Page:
Ten years on from World Cup win in 2003, England still know the way to win ugly
Chris Robshaw makes light of scoring first Test try but enjoys opening victory over the Wallabies
It is almost exactly a decade since the England captain Martin Johnson laid hands on the World Cup, in case you hadn’t noticed, and as the old Leicester hard-head led his band of beaten-up brothers around Twickenham on one last parade in front of the massed ranks of the red-rose public, the mind’s eye slowly refocused itself on the terrible beauty of their rugby. They knew how to win ugly, those blokes: at times, they made the Medusa of legend look like a catwalk queen.
A good few of them would have relished the current team’s second-half performance in the 20-13 win over the Wallabies – albeit a Wallaby side of unusually poor vintage. Jason Robinson might have wondered what the hell he was watching and why, for there was precious little in England’s attacking game to lift the spirits amid the crunch of bone on bone and the smack of muscle on muscle, but for every razzle-dazzler like Robinson, there was a Johnson, a Jason Leonard, a Neil Back and a Lawrence Dallaglio who found something dark and brutal to admire.
Assuming they had sobered up from the black-tie anniversary banquet of the night before, they might even have recognised something of their own victory over the Wallabies in the autumn of 2001, at precisely this point in the World Cup cycle. They edged that game by a similar scoreline of 21-15, despite losing the try count two-zip, and did so in much the same kind of way: by dominating at close quarters, winning the kicking duel and committing themselves mind, body and soul to their defensive duties when called upon to do so.
There were grumbles about dodgy tries in both games, although this time it was the Australians doing the moaning. A dozen years ago, the then unknighted Clive Woodward went off the deep end about some blatant Wallaby obstruction that eased the full-back Matthew Burke’s journey to the England goal-line. On Saturday evening, the visiting coach, Ewen McKenzie, could be heard questioning the red-rose hooker Dylan Hartley's crafty hand in the build-up to Owen Farrell’s decisive show-and-go score.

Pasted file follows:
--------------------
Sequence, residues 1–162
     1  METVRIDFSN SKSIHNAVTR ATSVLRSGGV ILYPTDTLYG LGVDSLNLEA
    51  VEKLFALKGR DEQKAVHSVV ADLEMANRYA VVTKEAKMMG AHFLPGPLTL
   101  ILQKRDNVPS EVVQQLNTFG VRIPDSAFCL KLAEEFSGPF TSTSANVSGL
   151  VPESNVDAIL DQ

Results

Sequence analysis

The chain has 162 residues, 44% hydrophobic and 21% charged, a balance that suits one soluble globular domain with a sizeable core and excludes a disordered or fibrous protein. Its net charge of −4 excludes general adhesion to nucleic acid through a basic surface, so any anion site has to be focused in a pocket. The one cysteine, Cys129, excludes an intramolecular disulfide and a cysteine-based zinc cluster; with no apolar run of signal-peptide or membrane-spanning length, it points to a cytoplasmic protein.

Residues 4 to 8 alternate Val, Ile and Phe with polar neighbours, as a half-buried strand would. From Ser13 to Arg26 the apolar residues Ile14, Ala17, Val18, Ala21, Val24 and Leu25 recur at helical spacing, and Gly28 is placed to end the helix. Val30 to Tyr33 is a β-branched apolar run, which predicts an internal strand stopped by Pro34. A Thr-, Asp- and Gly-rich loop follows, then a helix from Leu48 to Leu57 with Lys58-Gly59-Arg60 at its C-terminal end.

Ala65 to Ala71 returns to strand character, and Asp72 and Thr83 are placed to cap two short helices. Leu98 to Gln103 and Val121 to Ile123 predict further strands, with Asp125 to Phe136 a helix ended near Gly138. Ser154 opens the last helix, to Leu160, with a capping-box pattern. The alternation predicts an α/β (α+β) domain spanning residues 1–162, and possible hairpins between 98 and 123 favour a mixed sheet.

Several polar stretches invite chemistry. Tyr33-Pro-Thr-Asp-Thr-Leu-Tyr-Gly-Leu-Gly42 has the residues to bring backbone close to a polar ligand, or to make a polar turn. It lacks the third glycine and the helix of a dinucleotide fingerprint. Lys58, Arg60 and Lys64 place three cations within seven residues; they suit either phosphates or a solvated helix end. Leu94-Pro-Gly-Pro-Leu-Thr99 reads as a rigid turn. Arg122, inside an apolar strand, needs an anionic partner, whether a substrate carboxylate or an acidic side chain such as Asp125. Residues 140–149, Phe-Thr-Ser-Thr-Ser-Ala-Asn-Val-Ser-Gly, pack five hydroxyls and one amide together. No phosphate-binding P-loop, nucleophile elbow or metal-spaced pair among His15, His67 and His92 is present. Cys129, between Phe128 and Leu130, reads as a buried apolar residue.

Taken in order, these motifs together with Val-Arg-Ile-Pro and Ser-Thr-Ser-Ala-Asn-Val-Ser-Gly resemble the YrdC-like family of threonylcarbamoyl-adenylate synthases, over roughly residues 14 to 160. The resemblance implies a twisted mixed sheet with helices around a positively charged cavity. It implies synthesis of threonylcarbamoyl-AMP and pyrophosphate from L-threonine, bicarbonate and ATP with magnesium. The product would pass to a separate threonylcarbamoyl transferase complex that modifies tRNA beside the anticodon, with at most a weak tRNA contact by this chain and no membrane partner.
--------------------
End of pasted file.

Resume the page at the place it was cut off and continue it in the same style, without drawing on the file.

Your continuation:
McKenzie also had his misgivings over England’s opening try early in the second half, and with good reason. Mike Brown, the Harlequins full-back, who fought the good fight even more passionately than usual and beat the magnificent flankers Chris Robshaw and Tom Wood to the man-of-the-match bubbly as a consequence, clearly had a foot in touch as he fielded a Wallaby penalty punt to the corner before bouncing his way out of the red zone like a souped-up dodgem car.
A number of things came from this error of judgement by the officials – so much technology, such poor eyesight – and none of them did the Wallabies any favours. Scott Fardy, their flanker, finished a distant second in a collision with Brown and left the field on a stretcher; 90 metres of territory was lost to the tourists; and England were suddenly in a prime attacking position – a position from which Courtney Lawes was able to invade Ben Mowen's space at the line-out, which forced Will Genia into fluffing a panicky clearance kick, which in turn presented Robshaw with his first Test try.
For all the injustice of it, only the most stubborn of misanthropes would have begrudged the captain his glimpse of sporting heaven. Robshaw may not be everyone’s cup of tea as an open-side flanker, but after struggling to keep his head above water in last year's version of this fixture – Michael Hooper, an out-and-out loose forward who loves nothing better to roam far and wide, played that game in entirely different areas of the field – he was a hands-down winner over the Sydneysider this time.